Less than three hours of sleep for me after nightshift and Bobet rings me.
“Do you want to come out on the bike for half an hour?”
“I thought you’d already been on the bike?”
“I’ve come back to see if you want to come out.”
Hard to say no to that dedication. Even without sleep.
“Okay, I’ll come – on my mountain bike.”
And because we both have our rougher bikes, we take the gravel road towards the Ida Valley station. Here the road is badly damaged – rutted, deep with mud, and water still across the road in places. As I navigate a track as best I can I think how it must have been for cyclists in Christchurch after the earthquakes – the roads buckled and fractured. How much for granted I have taken smooth roads.
Bobet leads me further and further from the tarseal road.
“Remember the bridge is taken out on Hills Creek Road,” I call out.
“We’ll get across. The stream’s gone down now.”
“How do you know? There’s a big hole in the road.”
“Do you want to risk it?” he asks. And then because it’s my favourite ride, round the back block, and I don’t like turning back, I say yep, let’s do it.
Way past the ‘half hour’ stage, there’s a sharp hill in the distance. I’m already dreading it.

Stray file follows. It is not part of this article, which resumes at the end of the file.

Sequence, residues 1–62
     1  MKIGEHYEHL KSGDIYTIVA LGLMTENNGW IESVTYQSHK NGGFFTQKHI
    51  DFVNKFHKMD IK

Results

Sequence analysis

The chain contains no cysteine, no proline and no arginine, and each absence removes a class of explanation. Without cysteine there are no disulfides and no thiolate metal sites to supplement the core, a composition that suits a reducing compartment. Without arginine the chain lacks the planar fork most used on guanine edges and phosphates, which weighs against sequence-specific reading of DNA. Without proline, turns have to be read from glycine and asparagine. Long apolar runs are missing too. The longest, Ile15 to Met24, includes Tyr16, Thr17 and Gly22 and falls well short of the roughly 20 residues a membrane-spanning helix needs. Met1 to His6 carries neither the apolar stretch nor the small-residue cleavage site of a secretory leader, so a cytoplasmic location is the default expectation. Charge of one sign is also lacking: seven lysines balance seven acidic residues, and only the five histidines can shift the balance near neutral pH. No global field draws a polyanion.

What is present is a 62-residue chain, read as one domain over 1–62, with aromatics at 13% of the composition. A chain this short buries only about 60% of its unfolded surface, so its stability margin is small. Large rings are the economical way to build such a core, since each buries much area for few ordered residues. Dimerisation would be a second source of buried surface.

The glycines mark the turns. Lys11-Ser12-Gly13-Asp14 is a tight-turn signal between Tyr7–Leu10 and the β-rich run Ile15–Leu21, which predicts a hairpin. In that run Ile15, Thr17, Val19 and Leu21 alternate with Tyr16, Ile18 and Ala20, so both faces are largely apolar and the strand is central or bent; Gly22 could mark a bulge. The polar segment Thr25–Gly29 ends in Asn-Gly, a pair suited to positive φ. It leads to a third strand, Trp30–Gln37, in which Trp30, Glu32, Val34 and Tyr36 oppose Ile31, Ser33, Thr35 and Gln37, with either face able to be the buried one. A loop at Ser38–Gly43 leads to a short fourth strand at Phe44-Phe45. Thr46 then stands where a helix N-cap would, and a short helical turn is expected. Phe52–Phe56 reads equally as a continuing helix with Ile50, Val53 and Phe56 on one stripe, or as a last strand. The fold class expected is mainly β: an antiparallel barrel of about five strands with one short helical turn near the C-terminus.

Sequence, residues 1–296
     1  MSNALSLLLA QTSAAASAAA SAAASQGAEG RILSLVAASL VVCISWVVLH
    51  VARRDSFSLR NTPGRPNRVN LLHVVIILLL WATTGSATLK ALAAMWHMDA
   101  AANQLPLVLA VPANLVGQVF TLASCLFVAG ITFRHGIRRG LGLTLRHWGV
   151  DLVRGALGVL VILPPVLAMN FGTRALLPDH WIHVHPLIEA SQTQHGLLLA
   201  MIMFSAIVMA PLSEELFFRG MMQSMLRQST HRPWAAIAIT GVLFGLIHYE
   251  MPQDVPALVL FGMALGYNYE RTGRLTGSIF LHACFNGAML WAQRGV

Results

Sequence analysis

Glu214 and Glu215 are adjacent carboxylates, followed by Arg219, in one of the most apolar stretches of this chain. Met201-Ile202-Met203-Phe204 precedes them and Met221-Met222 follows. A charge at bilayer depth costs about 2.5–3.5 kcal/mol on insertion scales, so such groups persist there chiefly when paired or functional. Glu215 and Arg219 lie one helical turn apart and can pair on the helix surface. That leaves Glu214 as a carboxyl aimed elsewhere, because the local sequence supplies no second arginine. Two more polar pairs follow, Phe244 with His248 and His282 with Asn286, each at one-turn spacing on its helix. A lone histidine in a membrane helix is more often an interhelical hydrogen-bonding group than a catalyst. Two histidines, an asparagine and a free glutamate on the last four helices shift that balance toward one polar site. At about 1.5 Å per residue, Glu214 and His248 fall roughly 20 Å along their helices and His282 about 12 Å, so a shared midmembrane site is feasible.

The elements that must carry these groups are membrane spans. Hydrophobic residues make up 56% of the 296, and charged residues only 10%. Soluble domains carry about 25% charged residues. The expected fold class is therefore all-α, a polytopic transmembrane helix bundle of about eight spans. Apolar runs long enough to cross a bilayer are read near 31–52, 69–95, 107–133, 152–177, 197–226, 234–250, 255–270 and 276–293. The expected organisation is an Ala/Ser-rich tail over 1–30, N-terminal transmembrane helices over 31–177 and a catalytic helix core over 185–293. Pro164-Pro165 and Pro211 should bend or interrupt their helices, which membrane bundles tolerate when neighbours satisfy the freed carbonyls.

“Are you there?” Bobet calls.
“Yes I’m coming,” I call back, and push myself to catch up again.
“Make sure your bike is in the lowest gear before you start going up,” Bobet tells me. And after that its pure grinding. In my lowly state I picture George Bennett on the Tour de France. Dig in, dig in. And when I crest the hill and finally look up, there’s a long line of fog creeping in across the low hills and above them the Hawkduns are luminous and lovely with snow.
I think of how far we have come, how cold it is, how close the fog is, and how far we will have to bike back if the road is impassable.
This side of the valley is where all the stock must be for now. There’s a herd of black and white cattle grazing one paddock, another herd of shaggy, stumpy-legged Highland cattle across the road, and sheep as far as the eye can see. On Hamish’s lake there are so many birds. Bobet and I don’t have our glasses and can’t tell what they are – paradise ducks for sure, and maybe Canadian geese, and even swans. The long surface of the water speckled with them.
The road tilts down and now we’re flying. The gravel road sogged and dimpled with water. At speed and without glasses, it’s more guess work picking out the line. And in front is the bridge with the road taken out.
It’s not till we get up close we can see the Ida Burn is back within its banks, though high and muddy. And the hole in the road is just passable. Bobet lifts our bikes up above his head onto the bridge.
Made it onto the bridge – it’s a one-way bike trip home from here.